Therapy With Horses in Prison Environments
What is this?
The goal of therapy with horses in prison environments is to bring a sense of calm, and create, or recreate, social ties by using the animal as a mediator. The animal calms, builds trust, creates a sense of responsibility and eases the prisoner’s reinsertion into society.
There are three major types of therapy using animals in prison environments: using visiting dogs, using small animals (rodents, ferrets, hamsters etc…) and using horses.
The broad goals of therapy with animals in prison environments:
During the 2013 Therapy Equimeeting, clinical psychologist Jessie Ansorgue Jeunier, introduced the broad-base goals of animal therapy in three categories:
Making prisons more human: Animals make prisons more human, more welcoming, warmer. Cut off from contact with animals, the prisoner experiences yet another type of incarceration. Bringing animals into prisons is like bringing in a little of outside life.
Fighting off depersonalization: The rules and regulations governing prison life result in prisoners adopting a stronger character. Faced with animals, however, it is not possible to cheat, and people will revert to and show their true self.
Creating a calmer prison environment: Animal therapy work is carried out with the cooperation of both the prisoners and prison staff: In the midst of this group, animals reduce tension and make communications more human.
Remand Prisons: These are for people awaiting trial or serving sentences of less than two years.
Detention Facilities: For those serving sentences longer than two years.
Central Prisons: For prisoners serving long sentences or at particular risk. The organization and running of these prisons is principally focused on security.
Penitentiary Centers: Mixes establishments regrouping several categories.
Juvenile Facilities: As indicated in their name, these are facilities for prisoners who are minor.
Each type of facility has different goals.
Remand prisons have goals that are more focused on education, responsibility and reinsertion.
Detention facilities have, as their main goal, re-socialization, making prisoners communicate more calmly, reducing tension, and preventing suicide risk.
Central prisons focus their goals on rehabilitation, helping detainees to get back a sense of self, and even to help them build new life goals so as to avoid reoffending.
Equine therapy is being used in five prison sites in France (Rennes, Fleury Mérogis, Besançon, Poissy and Arles) in different ways: grooming, working on foot, ridden work, driving.
Camargue Horses and Men
The “Camargue Horses and Men” equine therapy program was set up at the Arles central prison in 2010. The project was spearheaded by psychologist Thiery Boissin working with the Hugo B association. It was born out of a discussion with the facility and inspired by the need to offer an activity in tune with the issues inherent to a prison environment.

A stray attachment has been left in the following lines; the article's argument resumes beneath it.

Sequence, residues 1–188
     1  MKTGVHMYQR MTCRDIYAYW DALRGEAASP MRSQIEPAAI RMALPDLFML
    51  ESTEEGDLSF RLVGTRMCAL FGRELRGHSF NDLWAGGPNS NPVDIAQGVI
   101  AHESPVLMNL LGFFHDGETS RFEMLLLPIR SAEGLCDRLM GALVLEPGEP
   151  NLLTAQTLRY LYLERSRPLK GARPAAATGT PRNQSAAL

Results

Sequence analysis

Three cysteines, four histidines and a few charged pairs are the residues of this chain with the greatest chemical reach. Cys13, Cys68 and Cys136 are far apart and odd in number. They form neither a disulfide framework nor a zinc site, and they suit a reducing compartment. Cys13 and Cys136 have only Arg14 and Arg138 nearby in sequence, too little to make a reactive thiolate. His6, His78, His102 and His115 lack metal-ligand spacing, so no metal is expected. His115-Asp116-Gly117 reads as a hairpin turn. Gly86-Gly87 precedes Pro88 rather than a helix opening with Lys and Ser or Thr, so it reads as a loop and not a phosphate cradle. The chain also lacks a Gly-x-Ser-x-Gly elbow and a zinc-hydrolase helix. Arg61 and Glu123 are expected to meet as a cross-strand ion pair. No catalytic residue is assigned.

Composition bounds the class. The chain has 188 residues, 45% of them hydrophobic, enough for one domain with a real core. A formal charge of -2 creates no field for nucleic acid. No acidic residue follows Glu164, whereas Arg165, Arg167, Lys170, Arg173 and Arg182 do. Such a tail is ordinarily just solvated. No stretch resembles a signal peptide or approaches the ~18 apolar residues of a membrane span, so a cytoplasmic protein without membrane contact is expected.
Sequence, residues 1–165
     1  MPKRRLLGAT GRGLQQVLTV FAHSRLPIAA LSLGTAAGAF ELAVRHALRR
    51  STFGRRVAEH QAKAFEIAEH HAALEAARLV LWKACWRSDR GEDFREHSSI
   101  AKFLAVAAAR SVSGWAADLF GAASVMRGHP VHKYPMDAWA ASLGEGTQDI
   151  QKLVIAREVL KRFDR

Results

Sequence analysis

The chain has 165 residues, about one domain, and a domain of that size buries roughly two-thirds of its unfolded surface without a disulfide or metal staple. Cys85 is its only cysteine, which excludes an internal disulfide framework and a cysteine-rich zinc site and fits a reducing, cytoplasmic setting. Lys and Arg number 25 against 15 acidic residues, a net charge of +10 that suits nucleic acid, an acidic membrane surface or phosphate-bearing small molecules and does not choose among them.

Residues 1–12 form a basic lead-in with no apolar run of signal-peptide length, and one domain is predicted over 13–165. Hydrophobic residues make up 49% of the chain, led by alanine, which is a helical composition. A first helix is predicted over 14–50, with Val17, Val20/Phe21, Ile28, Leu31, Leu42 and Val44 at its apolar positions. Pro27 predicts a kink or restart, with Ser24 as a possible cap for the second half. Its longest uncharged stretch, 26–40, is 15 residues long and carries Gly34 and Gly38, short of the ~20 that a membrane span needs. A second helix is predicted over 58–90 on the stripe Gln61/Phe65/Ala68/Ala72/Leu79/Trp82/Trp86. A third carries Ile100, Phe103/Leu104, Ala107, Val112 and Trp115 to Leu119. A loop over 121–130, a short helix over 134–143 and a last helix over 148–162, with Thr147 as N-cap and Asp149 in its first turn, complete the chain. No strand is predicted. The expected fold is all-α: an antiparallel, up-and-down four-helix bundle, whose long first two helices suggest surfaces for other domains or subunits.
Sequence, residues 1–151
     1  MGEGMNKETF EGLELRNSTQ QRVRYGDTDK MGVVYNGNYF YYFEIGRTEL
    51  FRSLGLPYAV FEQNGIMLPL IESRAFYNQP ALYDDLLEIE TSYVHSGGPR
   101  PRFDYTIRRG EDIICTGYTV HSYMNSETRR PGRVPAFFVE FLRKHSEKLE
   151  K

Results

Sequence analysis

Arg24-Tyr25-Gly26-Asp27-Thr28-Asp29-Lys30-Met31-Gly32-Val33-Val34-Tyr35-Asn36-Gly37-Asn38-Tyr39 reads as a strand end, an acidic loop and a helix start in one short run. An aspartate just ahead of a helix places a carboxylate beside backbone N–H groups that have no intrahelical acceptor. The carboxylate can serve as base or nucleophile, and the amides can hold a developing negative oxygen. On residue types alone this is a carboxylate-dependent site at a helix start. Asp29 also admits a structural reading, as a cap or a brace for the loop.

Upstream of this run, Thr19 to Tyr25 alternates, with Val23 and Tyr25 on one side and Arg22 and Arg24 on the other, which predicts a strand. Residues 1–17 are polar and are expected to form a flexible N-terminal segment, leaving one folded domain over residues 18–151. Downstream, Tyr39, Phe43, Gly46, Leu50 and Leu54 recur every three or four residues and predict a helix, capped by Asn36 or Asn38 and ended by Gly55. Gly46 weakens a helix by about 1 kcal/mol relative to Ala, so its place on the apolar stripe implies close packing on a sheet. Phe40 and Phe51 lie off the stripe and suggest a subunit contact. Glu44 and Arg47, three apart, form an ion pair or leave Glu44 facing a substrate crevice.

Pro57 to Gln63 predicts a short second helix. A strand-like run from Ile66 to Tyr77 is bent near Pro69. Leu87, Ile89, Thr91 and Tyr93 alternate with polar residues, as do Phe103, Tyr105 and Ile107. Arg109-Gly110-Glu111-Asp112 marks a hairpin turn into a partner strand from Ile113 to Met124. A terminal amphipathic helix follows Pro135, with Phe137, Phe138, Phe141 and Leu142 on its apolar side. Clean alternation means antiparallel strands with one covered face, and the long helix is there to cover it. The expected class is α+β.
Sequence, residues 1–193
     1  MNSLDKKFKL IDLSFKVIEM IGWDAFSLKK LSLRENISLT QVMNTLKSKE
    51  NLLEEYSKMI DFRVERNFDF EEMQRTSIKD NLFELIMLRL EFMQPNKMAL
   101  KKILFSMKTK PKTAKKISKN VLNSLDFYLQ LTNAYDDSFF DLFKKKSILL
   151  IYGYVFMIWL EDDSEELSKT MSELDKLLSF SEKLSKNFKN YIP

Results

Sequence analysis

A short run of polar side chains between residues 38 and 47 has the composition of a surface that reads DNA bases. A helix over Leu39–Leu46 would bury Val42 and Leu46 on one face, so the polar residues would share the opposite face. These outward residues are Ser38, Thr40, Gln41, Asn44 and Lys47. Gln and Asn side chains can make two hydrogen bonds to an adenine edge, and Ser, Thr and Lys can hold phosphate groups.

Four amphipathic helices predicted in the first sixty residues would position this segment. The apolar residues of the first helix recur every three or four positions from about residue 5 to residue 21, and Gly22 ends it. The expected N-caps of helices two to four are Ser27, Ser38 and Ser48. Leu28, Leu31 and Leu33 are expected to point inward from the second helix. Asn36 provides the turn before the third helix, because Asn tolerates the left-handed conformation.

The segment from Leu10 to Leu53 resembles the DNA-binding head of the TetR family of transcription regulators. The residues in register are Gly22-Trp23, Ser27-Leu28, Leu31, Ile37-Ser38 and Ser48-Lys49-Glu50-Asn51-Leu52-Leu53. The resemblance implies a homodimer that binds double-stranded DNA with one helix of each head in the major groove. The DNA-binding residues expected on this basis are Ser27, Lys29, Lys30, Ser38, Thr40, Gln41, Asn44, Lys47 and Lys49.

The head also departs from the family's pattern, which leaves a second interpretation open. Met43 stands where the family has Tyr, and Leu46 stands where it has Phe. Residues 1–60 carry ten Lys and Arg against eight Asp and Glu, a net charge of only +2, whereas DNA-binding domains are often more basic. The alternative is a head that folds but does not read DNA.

Incarceration, isolation, the lack of sensory input and “social hierarchy” are all factors that can create a climate of tension both between prisoners and between prisoners and prison guards, which is not in tune with the rehabilitation work that is the prison staff’s mission.
The use of Camargue horses within this framework creates ties through the horses. The horse’s non judgmental character nurtures work on how others see us, and how we see others, as well as how we see ourselves and how we act.
Through its symbolic significance, the horse encourages us to look into our own history and into our cultural reference points..
The horses used in this framework are Camargue horses, one of the 24 breeds of working horse that make up SFET, and very closely tied with the region of southern France that gives them their name. They are raised in total freedom, with minimal human intervention. These living conditions preserve their natural instincts and their instinctive reactions. The horses are trained by their owner, Sandrine Nicolas.
Presentation by Jessie Ansorge Jeunier – Therapy Equimeeting 2013
Study of a case of animal therapy in a prison environment by Fondation A and P Sommer
Ministry of Justice
For More information about : Therapy With Horses in Prison Environments
Study of a case of animal therapy in a prison environment by Fondation A & P Sommer
“Camargue Horses and Men” (French Only)
Ministry of Justice:
Hugo B Association
Video: France 2/Envoyé Spécial/Hélène Gateau
Jessie Ansorge-Jeunier – Equimeeting 2013 – Animal Therapy : The exemple of the prison environment